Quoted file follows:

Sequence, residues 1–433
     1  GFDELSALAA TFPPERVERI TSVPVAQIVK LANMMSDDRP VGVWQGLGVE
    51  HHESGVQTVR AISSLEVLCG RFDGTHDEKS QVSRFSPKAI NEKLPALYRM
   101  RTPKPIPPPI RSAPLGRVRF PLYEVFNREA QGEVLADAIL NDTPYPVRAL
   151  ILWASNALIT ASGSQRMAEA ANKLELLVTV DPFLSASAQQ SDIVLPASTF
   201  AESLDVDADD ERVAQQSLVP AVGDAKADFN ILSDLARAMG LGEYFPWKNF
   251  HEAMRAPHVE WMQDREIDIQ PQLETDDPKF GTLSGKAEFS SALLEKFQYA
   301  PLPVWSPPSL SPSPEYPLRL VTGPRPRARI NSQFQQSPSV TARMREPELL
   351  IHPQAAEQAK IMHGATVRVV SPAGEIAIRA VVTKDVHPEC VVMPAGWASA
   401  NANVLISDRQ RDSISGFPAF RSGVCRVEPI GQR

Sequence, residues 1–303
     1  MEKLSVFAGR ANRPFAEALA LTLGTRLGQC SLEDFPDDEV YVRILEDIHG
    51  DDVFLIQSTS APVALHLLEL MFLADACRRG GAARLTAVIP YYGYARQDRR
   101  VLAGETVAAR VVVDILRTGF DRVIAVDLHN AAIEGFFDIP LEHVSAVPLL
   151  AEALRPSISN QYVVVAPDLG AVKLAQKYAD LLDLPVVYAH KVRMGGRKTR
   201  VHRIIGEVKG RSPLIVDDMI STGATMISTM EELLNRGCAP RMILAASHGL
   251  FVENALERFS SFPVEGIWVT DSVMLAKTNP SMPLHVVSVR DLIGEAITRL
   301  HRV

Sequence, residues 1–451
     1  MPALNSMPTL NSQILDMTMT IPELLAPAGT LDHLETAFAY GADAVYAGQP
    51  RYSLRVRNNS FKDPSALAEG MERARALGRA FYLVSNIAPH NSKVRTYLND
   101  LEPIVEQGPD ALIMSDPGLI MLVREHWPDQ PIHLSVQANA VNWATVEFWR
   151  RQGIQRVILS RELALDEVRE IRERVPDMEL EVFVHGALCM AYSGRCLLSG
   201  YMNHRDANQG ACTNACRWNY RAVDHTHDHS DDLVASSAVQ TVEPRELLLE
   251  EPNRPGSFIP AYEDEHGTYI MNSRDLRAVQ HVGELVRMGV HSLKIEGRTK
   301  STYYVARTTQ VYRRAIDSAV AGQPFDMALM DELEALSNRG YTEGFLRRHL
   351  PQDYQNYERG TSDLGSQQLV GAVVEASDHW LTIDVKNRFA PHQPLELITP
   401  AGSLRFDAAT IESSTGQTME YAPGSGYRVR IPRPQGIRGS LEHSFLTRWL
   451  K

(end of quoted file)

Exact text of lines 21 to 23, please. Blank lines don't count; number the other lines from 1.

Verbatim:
    51  RYSLRVRNNS FKDPSALAEG MERARALGRA FYLVSNIAPH NSKVRTYLND
   101  LEPIVEQGPD ALIMSDPGLI MLVREHWPDQ PIHLSVQANA VNWATVEFWR
   151  RQGIQRVILS RELALDEVRE IRERVPDMEL EVFVHGALCM AYSGRCLLSG